Thaddeus Young is playing some of the best basketball of his career this season, and that’s not usually the case for a 32-year-old role-playing veteran who recently had his long-time career as a starter moved to the bench.
Of course, I think it’s fair to say Bulls fans expected a step in the right direction for Young under head coach Billy Donovan. After all, Young was pretty grossly misused during the 2019-20 campaign.
Under a head-coach-that-shall-not-be-named, Young put up his second-most 3-point attempts in a season (35%), after a previous high of 21% during the 2013-14 campaign. That figure has dropped all the way down to 11 percent this season, as he is now shooting the vast majority of his shots at the rim (49%) or in the short-mid section (37%) – between 4 and 14 ft of the basket.
How do we know this is a better choice? Easy. We (1) have actual brains and (2) the numbers very much back it up. Young is converting at a 56 percent clip in the “short-mid” area of the court, which places him in the 86th percentile, per Cleaning the Glass. Likewise, his 71 percent clip at the rim sits in the 71st percentile. His success from these areas of the court have bumped his effective field goal percentage up to 60.6 percent (75th percentile) from a disappointing 51.6 percent (21st percentile) in 2019-20. Good stuff.
Aside from the scoring improvements noted above, Young’s biggest improvement has come from facilitating the basketball. Donovan’s new motion offense puts all of his players’ basketball IQ to the test, and Young is passing with flying colors. Get it? Passing? Yuk-yuk-yuk-yuk.
The big man is averaging a career-high 4.4 assists per game, and his AST% (percentage of shots Young assisted on while on the court) sits at 23.3 percent (94th percentile!). He continuously finds cutting teammates and open shooters, as he already has eight games with 5 or more assists this season after having just one in 2019-20. Combine this breakout playmaking ability with his increasingly efficient shooting and already solid defense, and there is no surprise that Young is getting rave reviews from some popular NBA metrics.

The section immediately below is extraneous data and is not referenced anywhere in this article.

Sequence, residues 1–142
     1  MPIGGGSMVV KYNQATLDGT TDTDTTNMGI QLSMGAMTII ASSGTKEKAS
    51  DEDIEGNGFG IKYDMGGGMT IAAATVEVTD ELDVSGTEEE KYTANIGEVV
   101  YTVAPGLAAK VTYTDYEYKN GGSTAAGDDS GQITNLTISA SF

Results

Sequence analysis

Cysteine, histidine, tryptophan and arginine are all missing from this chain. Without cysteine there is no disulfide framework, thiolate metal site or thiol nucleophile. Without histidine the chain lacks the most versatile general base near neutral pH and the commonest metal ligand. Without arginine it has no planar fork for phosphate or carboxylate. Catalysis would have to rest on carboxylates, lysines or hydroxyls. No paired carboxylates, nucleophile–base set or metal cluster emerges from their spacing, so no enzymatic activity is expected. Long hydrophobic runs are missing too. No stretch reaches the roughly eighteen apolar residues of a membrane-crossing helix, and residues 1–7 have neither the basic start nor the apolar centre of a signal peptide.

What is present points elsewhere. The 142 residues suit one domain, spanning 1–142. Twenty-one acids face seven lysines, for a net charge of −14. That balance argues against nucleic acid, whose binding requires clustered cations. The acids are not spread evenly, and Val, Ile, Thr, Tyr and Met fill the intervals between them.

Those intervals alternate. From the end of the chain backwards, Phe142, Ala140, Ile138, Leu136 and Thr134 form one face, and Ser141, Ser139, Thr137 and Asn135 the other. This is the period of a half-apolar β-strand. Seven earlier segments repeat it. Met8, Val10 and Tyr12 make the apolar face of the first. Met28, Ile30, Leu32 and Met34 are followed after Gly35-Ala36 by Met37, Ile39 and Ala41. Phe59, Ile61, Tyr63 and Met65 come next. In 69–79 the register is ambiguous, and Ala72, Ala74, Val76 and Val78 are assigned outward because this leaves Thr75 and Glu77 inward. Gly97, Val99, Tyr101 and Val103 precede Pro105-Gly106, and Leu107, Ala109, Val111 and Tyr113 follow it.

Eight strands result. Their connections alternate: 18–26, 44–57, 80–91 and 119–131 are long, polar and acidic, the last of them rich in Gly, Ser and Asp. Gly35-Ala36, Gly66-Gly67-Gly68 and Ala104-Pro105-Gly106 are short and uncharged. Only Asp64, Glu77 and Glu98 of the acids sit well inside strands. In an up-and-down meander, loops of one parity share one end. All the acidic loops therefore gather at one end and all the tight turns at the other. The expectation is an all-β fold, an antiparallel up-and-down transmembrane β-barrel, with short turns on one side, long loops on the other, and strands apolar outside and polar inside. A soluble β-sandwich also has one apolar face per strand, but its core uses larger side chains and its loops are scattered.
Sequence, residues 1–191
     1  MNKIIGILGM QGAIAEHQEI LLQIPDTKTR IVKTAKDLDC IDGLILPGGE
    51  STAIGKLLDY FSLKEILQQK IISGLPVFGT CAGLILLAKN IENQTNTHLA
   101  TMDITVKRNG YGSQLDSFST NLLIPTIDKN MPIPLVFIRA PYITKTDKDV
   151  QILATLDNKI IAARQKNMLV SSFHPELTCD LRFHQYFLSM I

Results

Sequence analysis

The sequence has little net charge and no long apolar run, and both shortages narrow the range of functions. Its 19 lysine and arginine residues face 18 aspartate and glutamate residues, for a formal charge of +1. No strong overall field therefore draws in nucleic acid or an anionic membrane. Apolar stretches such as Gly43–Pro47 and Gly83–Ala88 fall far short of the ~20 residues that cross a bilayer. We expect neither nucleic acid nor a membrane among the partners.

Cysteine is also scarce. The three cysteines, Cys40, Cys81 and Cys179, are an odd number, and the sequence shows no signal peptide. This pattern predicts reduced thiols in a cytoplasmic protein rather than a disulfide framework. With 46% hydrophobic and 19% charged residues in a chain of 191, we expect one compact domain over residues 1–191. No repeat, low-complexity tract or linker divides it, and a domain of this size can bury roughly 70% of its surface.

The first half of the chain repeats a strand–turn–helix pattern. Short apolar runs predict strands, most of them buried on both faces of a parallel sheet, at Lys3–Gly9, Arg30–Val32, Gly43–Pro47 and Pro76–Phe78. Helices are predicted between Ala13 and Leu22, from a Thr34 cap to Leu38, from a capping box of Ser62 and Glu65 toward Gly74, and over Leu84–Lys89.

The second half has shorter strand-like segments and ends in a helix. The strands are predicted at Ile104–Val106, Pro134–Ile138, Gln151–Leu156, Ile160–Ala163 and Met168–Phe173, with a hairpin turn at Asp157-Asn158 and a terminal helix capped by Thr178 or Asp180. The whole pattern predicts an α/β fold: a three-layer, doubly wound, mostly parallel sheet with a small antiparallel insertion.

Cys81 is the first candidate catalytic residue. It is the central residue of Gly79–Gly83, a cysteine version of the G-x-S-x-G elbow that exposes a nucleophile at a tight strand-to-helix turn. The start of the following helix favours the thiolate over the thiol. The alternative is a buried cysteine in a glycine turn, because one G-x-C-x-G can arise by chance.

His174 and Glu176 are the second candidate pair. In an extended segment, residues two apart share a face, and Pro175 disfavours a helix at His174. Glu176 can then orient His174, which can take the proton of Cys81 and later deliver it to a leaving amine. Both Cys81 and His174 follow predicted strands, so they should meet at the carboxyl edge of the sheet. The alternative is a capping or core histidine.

Chicago is +6.9 points per 100 possessions when Thaddeus Young is on the floor and -9.0 when he isn't.
— Andy Bailey (@AndrewDBailey) February 9, 2021
According to FiveThirtyEight’s RAPTOR, which calculates a player’s individual box plus-minus and wins above replacement, Young is by far the best all-around player on the court. He checks in with a 5.1 overall RAPTOR with a team-high 2.0 WAR. The number gives Young the 21st-highest total RAPTOR in the NBA.
Bounce over to The Basketball Index’s LEBRON metric, and we see similarly positive representation for Young. The algorithm is supposed to estimate a player’s impact relative to his role, but I’ll let the folks over at BBall Index do the talking: “LEBRON evaluates a player’s contributions using the box score (weighted using boxPIPM’s weightings stabilized using Offensive Archetypes) and advanced on/off calculations (using Luck-Adjusted RAPM methodology) for a holistic evaluation of player impact per 100 possessions on-court.”
For a complete look at how they come up with their data (as well as a bunch of other cool stuff), make sure to click here.
Anyway, Young’s LEBRON currently sits at 1.36, which sandwiches him between productive role players like the Clippers’ Patrick Beverley (1.39) and the Bucks Donte DiVincenzo (1.32). What is even more impressive, though, is to see the improvement in Young’s LEBRON from one season to the next. BBall Index shared the list of NBA players whose impact, according to LEBRON, has risen or fallen the most from the 2019-20 season.
Young’s impact has apparently seen the largest increase on the offensive end in the league (+2.88) and the third-largest overall (+3.06).
If you're new to our Luck-adjusted player Estimate using a Box prior Regularized ON-off (LEBRON), here are some resources:
Database, All-Star Estimate, & All-Defense estimates: https://t.co/BwNxi8nFmb
Interactive Tools: https://t.co/bIaCF0ujtm
— Cranjis McBasketball (@Tim_NBA) February 9, 2021
Look, I know all these numbers and weird stats can be confusing – let alone have their limitations. However, when we can look across the board and see Young’s name continue to come up, the general conclusion we can draw is actually simple: The guy is playing really freakin’ well.
Young may not be the team’s best or most talented player, but he is thriving in a perfectly defined role and demonstrating to teams across the league that he can play winning basketball. And that’s why it should not at all be surprising that The Chicago Sun-Times’ Joe Cowley reported the other day that Young is “drawing the most interest” in the Bulls-specific trade market.
In today’s advanced analytics-driven league, it should not be ignored that Young is checking all the right boxes. Executives for contending teams are going to look for those kinds of players around the trade deadline, and the higher his value looks on paper, the greater return the Bulls might be able to get for him in March.